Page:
FIG. 3 generally illustrates a second embodiment of the electron beam apparatus according to the present invention. As compared with the first embodiment illustrated in FIG. 1, the second embodiment differs in that a second electron source S′ is provided in addition to the first electron source S. The second electron source SN is used to irradiate an electron beam to the surface of the sample 9 to produce a uniform potential on the surface of the sample 9 for the purpose of unifying the potential difference by electron beam irradiation, thereby enabling an image without distortion to be obtained. After the potential is unified on the surface of the sample 9, the sample 9 is moved to a measuring position and is irradiated with the primary electron beam from the first electron source S. Since the subsequent operation is the same as that previously described in connection with FIG. 1, description thereon is not repeated here.

The second electron source S′ suitable for use in the second embodiment may comprise a tungsten filament type hot cathode source or a carbon nanotube type cold cathode source, a Wehnelt electrode 2 and an anode 3 in this order. Using nanotube could achieve a process without heat damage by filament heating. With this second electron source S′, the primary electron beam can provide an irradiation region of 10 μm to 10 mm, for example, on the surface of the sample 9 by use of an aperture plate 7 for forming an irradiated area, in which case the irradiation energy can be controlled in a range of 0 to 4 keV, more preferably in a range of 2 to 4 keV.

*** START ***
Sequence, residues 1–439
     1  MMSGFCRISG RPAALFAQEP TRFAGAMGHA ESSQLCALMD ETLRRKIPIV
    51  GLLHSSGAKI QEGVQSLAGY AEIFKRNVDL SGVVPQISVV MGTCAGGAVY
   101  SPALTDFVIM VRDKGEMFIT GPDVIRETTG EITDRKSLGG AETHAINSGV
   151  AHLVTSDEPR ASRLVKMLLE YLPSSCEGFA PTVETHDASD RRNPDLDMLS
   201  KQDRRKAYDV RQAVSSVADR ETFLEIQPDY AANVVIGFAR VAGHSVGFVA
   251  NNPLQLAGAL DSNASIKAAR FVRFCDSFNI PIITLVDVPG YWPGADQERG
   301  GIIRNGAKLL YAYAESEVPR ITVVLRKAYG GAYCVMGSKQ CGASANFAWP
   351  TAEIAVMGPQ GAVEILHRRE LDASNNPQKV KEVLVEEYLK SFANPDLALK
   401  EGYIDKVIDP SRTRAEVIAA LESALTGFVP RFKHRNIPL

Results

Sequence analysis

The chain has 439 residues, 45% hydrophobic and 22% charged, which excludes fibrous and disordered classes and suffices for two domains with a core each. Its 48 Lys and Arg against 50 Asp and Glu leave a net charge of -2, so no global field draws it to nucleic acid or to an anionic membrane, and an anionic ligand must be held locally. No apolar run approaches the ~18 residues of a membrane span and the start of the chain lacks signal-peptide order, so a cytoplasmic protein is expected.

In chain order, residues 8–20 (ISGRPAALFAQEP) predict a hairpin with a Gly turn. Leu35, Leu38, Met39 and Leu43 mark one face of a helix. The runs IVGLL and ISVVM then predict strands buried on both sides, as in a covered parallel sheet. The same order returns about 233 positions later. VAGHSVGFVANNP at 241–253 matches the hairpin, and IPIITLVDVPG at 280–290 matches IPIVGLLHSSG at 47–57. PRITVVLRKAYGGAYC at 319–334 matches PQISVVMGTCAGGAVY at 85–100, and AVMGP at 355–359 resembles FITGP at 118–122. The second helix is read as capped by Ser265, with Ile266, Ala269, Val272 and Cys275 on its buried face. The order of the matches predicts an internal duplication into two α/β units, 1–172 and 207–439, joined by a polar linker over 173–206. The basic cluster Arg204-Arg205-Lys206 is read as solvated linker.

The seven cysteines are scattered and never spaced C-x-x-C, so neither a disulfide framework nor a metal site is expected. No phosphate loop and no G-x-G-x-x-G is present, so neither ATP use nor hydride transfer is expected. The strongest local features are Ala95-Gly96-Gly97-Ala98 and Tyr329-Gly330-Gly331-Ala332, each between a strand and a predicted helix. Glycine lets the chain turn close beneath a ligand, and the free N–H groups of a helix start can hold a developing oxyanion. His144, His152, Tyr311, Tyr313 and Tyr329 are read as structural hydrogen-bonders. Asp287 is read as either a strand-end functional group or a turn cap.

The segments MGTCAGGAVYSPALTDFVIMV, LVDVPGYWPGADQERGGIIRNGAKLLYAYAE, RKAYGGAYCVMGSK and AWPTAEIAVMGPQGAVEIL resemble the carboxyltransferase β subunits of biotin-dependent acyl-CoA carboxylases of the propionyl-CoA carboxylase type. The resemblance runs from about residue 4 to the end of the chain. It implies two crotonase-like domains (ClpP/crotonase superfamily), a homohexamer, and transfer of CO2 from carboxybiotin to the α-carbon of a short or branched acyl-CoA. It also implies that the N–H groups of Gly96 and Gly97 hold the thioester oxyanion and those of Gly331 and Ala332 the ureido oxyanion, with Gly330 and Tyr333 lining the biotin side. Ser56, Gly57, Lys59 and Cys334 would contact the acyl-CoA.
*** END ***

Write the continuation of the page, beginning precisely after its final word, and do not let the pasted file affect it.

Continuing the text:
FIG. 4 generally illustrates a third embodiment of the electron beam apparatus according to the present invention. As compared with the first embodiment illustrated in FIG. 1, the third embodiment differs in that a laser light source is provided in addition to the electron source S. The following description will be centered only on such differences. The rest of the third embodiment is the same as the first embodiment described in connection with FIG. 1, so that description thereon is not repeated.

The laser light source L operates together with the electron source S to irradiate the sample 9 with laser light 19 in addition to the primary electron beam. The irradiation of the sample 9 with the laser light 19 can increase the conductivity effect on the surface of the sample 9 to improve the difference in surface potential between the metal and insulating material.